The Economic Loss Rule has become a salient issue in Washington over the past few years, with a series of cases challenging assumptions about what people can expect when they enter into a contract. The question, to which our Supreme Court has articulated an answer in several decisions, is to what extent can parties to a contract still look to tort remedies when they are dissatisfied with the outcome of their agreement?
The Economic Loss Rule has been understood to mean parties to a contract must allocate all risk of economic damages in the contract and, if they do not, the parties to the contract will not be able to use non-contract claims (i.e. tort claims) to recover economic damages (e.g. loss of profits, diminished value of item purchased). Economic damages are to be distinguished, in this context, from actual physical harm. The rule can become important even in non-commercial contexts; it has had major impacts for people buying a home, where a contract is used to define the terms of the transaction. The application of the rule prohibiting tort remedies for economic damages, where a contract existed between the parties, was based largely Alejandre v. Bull, a 2007 decision of this state's Supreme Court.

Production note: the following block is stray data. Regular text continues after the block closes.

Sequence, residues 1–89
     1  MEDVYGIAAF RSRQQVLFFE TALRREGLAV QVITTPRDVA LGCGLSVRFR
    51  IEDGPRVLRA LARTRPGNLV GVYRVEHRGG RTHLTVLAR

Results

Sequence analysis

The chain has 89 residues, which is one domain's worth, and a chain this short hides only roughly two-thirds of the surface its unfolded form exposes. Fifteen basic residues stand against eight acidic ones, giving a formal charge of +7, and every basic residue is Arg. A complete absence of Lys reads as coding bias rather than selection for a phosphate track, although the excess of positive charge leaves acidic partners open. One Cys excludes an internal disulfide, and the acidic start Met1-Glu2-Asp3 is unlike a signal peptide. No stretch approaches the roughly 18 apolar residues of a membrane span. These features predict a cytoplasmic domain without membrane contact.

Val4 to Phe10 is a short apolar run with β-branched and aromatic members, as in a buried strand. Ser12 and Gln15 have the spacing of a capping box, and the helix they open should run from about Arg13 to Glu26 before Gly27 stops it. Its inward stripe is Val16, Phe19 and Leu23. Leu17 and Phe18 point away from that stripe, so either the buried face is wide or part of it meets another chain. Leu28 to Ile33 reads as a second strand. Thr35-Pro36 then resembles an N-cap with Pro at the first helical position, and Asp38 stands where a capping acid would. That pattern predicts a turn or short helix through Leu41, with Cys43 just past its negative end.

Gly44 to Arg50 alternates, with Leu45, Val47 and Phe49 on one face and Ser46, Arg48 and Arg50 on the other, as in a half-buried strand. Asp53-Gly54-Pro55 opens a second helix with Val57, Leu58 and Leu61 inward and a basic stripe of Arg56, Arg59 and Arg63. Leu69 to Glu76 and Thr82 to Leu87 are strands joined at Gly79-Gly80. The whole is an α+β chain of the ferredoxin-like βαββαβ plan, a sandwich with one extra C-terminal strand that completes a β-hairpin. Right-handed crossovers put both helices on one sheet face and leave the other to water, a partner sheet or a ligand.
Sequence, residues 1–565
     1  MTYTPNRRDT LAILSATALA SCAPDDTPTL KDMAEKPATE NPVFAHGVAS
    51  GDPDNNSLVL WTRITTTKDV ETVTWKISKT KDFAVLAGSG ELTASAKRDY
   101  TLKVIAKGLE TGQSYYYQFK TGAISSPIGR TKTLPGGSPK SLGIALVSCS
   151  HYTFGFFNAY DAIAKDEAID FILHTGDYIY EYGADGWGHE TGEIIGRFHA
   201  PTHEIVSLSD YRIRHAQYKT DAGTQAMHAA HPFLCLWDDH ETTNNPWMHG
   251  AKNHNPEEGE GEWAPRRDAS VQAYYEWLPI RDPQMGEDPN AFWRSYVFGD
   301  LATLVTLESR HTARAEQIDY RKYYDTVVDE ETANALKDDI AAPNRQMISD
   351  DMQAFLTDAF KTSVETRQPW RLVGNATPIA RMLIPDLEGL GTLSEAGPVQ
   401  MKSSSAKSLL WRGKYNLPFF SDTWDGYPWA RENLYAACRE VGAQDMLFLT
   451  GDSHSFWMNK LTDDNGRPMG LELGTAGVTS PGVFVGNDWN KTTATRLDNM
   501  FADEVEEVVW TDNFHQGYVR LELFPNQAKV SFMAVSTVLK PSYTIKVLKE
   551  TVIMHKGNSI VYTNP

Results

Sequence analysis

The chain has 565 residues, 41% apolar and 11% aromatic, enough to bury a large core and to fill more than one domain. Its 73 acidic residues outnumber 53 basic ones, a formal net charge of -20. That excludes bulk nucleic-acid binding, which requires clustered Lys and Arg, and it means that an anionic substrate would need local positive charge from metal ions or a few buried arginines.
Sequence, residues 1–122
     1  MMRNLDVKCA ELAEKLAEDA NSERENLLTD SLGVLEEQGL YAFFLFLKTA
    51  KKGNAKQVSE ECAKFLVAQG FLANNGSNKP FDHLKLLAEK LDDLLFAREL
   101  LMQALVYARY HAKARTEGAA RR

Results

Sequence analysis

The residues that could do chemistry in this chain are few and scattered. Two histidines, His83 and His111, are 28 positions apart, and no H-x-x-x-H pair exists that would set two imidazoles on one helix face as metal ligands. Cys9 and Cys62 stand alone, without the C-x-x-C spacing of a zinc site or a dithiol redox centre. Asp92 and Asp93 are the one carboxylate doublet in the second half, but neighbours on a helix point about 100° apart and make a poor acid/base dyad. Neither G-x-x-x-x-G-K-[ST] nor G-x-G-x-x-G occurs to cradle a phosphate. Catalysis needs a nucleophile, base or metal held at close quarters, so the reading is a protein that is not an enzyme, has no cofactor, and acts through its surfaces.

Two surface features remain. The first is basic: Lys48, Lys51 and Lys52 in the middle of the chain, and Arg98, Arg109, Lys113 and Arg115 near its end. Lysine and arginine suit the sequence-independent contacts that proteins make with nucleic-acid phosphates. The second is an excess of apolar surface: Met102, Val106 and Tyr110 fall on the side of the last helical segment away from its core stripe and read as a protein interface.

However, in a pair of recent decisions our Supreme Court has clearly limited the application of the rule and shown that tort remedies are more broadly available than we previously thought possible. Those cases, issued on November 4, 2010, were Eastwood v. Horse Harbor Fdn., Inc., and In re Affiliated FM Insurance Co, v. LTK Consulting Services, Inc.
The new statement of the Economic Loss Rule, put most simply, says that a plaintiff can recover its economic damages by way of a tort (non-contract) claim so long as that tort claim is based on a duty owed independently of any contract. To avoid confusion, the Supreme Court suggested a new name for the rule: the Independent Duty Doctrine. In the Eastwood case, that duty arose as a matter of statute in the context of the lease of a horse farm. The Affiliated FM Insurance case involved a more general duty owed by an engineer performing work on the Seattle monorail.
The newly clarified rule requires a very nuanced application, as the Independent Duty Doctrine is not as simple as the above analysis might suggest. Attorneys will find themselves making changes to some of the language they include in contracts, based on these recent cases, especially when they are helping clients to sell property or provide services with strictly-limited warranties. For clients, it means that contract forms they have relied on in the past may need updating in order to provide them the best protection from unexpected claims. In addition, the newly clarified rule requires attorneys to carefully consider tort duties, and discuss them with their clients, to an extent they may not have felt necessary based on older decisions.